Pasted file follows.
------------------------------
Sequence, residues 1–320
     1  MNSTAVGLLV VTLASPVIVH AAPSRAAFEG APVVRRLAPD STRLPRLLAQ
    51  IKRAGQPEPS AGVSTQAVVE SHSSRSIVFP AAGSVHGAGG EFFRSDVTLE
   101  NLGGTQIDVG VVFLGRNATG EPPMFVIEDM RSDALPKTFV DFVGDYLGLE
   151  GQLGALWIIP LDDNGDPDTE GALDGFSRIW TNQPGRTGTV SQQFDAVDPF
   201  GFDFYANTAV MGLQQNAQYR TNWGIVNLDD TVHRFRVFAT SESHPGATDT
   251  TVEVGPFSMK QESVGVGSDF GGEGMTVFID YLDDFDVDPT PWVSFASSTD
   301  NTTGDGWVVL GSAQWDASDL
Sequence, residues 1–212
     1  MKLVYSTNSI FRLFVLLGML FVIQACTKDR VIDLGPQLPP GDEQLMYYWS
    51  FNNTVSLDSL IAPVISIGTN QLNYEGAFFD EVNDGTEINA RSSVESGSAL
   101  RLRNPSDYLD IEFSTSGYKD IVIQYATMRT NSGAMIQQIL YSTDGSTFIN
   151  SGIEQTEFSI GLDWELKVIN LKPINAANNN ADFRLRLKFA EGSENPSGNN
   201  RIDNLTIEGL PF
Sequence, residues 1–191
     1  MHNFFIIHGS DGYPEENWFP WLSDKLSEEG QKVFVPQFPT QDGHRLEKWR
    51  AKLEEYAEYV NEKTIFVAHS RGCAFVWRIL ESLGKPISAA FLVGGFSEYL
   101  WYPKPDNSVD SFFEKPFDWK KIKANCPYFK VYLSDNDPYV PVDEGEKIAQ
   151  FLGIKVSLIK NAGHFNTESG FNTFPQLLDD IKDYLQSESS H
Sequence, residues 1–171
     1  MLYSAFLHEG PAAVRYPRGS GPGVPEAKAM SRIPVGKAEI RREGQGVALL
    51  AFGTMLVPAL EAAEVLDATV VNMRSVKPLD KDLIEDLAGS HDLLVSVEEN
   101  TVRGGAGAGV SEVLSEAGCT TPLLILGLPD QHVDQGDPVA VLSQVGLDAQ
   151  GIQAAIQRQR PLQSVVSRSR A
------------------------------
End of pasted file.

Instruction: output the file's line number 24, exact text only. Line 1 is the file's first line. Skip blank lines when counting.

   151  GIQAAIQRQR PLQSVVSRSR A